Search engines build their results from text found on websites. The problem is that they have a hard time “looking” inside Flash. While there are ways to make Flash more accessible to users and search engines alike, the vast majority of Flash implementations don’t; perhaps the designer didn’t know how, didn’t know the difference, didn’t want to invest the time and energy, or the project couldn’t justify the additional expense.

“Search” may become one of your most valuable channels for reaching existing and new business, so having a website that can’t be crawled or indexed could be devastating. Have a Flash-based website already and wondering whether your website is flash in the pan? While not completely conclusive, you’ll get a pretty good idea when you head to your favorite search engine and search for “site:yourdomain.com”” (replacing yourdomain.com with your website, and leave off the quotation marks and no spaces before or after the colon). If you only see one or just a few listings and your site has considerably more “pages” than that, then your website may be failing to deliver.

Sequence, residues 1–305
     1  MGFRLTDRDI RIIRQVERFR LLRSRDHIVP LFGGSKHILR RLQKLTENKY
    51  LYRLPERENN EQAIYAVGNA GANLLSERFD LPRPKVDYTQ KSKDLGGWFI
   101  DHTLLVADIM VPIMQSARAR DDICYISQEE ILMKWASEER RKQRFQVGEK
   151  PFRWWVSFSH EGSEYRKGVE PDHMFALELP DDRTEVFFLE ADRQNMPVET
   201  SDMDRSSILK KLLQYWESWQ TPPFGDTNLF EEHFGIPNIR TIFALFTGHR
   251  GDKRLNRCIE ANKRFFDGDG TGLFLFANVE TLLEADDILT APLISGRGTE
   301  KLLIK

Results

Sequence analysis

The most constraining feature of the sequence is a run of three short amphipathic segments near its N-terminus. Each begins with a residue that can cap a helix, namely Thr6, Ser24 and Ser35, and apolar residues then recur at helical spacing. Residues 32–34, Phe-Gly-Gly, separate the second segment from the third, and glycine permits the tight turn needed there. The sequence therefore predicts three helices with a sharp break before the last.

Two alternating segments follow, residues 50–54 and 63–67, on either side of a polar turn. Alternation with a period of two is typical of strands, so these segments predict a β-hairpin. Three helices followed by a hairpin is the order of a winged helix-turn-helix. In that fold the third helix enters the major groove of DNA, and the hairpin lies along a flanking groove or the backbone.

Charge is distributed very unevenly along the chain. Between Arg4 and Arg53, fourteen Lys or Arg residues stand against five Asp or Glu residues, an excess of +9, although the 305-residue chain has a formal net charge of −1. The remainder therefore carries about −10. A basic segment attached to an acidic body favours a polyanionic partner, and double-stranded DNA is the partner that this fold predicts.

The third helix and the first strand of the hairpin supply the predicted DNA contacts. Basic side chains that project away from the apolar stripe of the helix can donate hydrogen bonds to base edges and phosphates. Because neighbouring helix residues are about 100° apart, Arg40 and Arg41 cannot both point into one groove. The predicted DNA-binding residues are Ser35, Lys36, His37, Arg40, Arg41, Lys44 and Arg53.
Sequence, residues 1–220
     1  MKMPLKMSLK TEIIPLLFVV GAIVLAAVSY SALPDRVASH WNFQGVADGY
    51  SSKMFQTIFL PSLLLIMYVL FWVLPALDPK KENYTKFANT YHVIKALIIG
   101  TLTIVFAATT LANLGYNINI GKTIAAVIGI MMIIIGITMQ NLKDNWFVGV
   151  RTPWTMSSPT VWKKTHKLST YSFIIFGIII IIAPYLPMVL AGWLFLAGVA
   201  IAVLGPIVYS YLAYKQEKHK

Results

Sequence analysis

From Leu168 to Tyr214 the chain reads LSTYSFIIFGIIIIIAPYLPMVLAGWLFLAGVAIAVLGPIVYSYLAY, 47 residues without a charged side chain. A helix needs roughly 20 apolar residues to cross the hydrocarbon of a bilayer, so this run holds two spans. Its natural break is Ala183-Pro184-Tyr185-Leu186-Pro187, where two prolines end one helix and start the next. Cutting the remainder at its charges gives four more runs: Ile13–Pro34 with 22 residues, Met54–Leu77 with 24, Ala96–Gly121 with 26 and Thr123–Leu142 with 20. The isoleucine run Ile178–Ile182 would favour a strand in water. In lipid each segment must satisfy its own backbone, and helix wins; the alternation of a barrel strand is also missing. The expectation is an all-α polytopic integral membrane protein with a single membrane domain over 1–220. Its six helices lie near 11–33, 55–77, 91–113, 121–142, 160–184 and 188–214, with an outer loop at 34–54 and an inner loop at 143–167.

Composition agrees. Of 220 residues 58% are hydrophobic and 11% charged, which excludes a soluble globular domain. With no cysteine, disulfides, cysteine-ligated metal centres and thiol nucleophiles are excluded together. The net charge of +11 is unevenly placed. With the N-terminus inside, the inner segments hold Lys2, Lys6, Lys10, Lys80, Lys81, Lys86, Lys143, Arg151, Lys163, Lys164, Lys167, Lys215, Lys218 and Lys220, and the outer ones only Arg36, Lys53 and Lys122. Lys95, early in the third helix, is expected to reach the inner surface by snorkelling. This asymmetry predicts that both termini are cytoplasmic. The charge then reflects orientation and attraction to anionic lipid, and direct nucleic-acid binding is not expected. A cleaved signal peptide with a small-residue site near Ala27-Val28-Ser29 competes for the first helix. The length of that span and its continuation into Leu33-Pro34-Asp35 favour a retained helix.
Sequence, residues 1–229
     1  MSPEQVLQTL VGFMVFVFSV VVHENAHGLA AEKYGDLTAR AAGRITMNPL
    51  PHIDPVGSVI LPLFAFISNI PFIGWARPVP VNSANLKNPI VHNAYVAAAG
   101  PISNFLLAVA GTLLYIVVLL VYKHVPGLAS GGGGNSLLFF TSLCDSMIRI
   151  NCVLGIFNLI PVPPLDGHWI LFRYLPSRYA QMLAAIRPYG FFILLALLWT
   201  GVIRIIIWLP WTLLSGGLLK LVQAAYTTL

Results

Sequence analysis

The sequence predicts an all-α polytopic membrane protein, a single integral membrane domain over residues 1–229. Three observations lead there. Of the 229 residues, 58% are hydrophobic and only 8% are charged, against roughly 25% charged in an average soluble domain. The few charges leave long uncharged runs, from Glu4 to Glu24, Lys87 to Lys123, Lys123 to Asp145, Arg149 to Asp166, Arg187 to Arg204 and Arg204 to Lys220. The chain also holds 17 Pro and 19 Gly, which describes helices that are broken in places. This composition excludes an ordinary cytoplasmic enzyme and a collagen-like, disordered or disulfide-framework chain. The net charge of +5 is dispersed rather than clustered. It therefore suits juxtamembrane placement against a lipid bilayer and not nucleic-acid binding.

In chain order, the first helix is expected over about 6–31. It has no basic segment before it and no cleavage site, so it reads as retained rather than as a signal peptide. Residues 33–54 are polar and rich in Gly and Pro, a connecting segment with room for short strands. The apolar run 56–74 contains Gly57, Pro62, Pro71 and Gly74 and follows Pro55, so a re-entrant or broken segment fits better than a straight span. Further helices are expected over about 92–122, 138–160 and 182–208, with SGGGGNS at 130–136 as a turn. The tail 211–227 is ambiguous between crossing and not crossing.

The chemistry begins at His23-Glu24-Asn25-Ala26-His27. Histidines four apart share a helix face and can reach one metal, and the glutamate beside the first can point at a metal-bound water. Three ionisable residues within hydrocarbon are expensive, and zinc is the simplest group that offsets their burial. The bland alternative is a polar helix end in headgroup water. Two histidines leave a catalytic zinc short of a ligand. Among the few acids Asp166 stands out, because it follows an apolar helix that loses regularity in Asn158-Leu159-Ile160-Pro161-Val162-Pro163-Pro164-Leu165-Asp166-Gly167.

5 For Flash

  • It’s best to use Flash to complement your website content, rather than as a base for your entire site.
  • Whenever possible, use Flash for non-critical content, and have good textual content related to the Flash bits.
  • Do not have a home page that consists of nothing but Flash unless you do not care about search engines, or have no concerns of turning away human visitors as well.
  • Remember that the cool “effects” created with Flash may not be appreciated as much by your visitors as you think. Pages that take too long to load, or fancy, dramatic effects that must be sat through on every page provide no real value to the visitor.
  • Flash-based menus and navigation can be especially dangerous with regards to usability and accessibility for both humans and search engines.